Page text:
Blu-ray players are slightly more hit-or-miss. If you have an older model, it might not have the ability to connect to the internet. But most models released in the past five years or so all tout their streaming ability as a key selling point. If you’d rather invest in a new Blu-ray player over a streaming device, most models with Wi-Fi start around $70.

Tips for getting the most out of your internet connection

Connecting your TV to the internet is only step one to a smooth streaming experience. We also recommend taking the following steps to ensure the dreaded buffering wheel never derails movie night. 

Use an Ethernet cord if possible

While wireless connections have improved a ton in recent years, Ethernet cords still provide a more reliable connection in most homes. But because they plug into your wireless router, your TV will have to be relatively close to your router to use a wired connection. Of the four main streaming devices, only Apple TV has an Ethernet port on all of its models. For Amazon Fire TV Sticks and Google Chromecasts, you’ll have to purchase an adapter separately, while Roku only includes one on its most expensive model. You can learn more about choosing the right Ethernet cord in our guide. 

Make sure you’re getting enough download speeds

Most streaming services recommend around 5 Mbps of download speeds for smooth, buffer-free streaming in HD — an easily reachable target for most homes. That said, the more devices are using your connection at once, the higher speeds you’ll need. If you’re not sure what speeds you’re currently getting, you can use our speed test below to find out.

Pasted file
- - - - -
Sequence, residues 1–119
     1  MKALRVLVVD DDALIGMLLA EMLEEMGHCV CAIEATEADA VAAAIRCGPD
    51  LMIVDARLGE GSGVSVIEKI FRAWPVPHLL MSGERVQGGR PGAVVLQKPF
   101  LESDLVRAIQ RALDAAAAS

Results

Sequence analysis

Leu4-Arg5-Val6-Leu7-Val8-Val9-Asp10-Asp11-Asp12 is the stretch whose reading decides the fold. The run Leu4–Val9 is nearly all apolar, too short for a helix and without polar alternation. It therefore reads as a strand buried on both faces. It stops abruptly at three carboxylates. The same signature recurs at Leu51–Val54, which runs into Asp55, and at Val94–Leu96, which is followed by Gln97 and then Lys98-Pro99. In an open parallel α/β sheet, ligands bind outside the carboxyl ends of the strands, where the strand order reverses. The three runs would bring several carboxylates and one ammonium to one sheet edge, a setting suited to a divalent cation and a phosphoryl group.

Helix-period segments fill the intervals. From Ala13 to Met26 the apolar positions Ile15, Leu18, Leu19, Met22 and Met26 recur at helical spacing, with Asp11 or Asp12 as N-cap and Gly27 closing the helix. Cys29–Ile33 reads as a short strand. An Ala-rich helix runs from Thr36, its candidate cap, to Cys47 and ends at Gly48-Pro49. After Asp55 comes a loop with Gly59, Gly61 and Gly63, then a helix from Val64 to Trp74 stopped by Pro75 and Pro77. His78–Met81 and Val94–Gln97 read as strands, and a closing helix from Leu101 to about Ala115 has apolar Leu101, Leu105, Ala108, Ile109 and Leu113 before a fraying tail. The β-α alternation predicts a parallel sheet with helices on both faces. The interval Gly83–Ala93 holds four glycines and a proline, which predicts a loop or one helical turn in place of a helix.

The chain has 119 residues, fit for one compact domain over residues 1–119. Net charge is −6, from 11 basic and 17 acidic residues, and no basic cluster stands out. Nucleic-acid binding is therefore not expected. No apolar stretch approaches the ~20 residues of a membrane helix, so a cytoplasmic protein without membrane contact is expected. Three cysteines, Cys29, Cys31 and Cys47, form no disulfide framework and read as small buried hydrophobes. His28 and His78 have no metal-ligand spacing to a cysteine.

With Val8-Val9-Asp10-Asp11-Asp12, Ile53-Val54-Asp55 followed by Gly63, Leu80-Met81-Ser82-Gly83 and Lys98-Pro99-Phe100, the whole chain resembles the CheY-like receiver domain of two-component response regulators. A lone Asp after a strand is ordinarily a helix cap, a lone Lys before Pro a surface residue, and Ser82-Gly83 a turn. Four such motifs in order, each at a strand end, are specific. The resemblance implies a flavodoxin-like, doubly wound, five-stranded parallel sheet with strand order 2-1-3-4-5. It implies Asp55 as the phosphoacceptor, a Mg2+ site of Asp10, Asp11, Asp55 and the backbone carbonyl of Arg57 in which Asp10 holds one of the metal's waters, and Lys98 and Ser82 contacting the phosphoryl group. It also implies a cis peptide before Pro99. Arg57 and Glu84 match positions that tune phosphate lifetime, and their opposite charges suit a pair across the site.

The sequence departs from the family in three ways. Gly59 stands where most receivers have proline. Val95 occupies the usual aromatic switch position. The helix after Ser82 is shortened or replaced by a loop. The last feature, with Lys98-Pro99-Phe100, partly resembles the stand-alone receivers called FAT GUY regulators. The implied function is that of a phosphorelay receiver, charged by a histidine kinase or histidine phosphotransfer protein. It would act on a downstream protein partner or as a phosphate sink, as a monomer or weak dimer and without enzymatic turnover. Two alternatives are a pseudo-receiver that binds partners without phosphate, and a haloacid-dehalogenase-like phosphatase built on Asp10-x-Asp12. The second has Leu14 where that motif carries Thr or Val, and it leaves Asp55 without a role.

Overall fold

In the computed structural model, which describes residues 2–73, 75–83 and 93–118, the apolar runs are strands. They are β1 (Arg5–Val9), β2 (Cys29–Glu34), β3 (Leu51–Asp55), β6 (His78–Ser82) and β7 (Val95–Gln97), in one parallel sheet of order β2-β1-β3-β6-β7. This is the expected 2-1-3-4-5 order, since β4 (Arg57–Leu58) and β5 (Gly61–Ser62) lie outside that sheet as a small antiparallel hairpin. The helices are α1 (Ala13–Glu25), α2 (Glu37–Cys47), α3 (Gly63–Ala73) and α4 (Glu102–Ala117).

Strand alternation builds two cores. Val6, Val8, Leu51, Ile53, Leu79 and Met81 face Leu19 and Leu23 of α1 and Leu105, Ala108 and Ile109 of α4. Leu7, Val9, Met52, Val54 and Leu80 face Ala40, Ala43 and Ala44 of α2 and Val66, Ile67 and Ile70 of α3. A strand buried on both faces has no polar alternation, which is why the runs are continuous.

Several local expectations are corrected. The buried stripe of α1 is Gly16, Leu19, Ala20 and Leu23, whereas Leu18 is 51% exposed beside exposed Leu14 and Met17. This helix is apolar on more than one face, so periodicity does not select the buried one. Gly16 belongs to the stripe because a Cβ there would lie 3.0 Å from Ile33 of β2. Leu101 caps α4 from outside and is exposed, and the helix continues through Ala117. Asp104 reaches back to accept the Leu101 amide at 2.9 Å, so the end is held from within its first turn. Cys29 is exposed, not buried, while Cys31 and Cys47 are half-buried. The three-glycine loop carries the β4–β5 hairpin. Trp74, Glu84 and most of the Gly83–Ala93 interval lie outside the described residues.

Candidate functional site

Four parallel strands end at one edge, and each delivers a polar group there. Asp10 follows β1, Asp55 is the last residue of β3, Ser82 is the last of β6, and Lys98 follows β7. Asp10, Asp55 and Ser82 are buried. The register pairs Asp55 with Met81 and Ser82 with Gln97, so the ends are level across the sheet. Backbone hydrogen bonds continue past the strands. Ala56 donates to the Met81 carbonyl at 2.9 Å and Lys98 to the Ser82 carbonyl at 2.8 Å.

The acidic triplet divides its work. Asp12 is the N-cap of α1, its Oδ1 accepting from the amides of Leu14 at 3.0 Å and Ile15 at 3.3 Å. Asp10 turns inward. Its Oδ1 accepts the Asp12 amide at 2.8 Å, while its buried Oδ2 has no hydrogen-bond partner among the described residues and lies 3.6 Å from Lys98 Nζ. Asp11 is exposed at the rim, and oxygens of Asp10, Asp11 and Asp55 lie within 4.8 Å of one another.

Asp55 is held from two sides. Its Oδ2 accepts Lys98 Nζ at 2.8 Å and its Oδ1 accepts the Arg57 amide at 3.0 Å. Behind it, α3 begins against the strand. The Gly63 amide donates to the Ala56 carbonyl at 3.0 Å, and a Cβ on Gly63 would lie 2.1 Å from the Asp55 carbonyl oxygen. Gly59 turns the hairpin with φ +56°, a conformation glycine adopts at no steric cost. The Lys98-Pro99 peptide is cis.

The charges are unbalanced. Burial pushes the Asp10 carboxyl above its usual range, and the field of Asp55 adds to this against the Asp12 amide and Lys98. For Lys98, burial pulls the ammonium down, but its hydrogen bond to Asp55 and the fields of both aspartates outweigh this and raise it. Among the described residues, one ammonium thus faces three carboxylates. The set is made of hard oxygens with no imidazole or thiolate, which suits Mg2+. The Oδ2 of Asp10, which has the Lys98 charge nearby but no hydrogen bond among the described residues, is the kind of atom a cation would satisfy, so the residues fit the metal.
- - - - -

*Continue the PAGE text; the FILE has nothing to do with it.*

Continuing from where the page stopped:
Your speed test results:

Download Speeds

888 Mbps

Upload Speeds

88 Mbps

Need more for the price?

Try these helpful hacks to improve your internet speed. Or if you just want more bang for your buck, check out providers near you with more speed for the price. Either way, we’ll help you find what you need.

View providers near me Rather chat? Give us a call: (844) 451-2720
Allconnect icon

Pro Tip: For best results, use an Ethernet cord to connect your router or modem directly to your device before you run the test.

Relocate your router

If you are experiencing buffering issues, see if you can move your Wi-Fi router to a central and open location in your home. Radio signals move most easily through open-air, so reducing the number of walls your signal has to travel through can also boost your streaming quality. 

If you’re still having Wi-Fi connection issues, a Wi-Fi extender or mesh router might also be worth the extra investment. 

For more information on streaming, internet speed and smart TVs, keep an eye on our Resource Center and follow our experts on Facebook and Twitter.

Joe Supan

Written by:

Joe Supan

Principal Writer, Broadband Content

Joe Supan is a principal writer for Allconnect and CNET. He has helped build the proprietary metrics used on Allconnect’s review pages, utilizing thousands of data points to help readers navigate these complex… Read more

Trey Paul

Edited by:

Trey Paul

Editor, Broadband Content

Read bio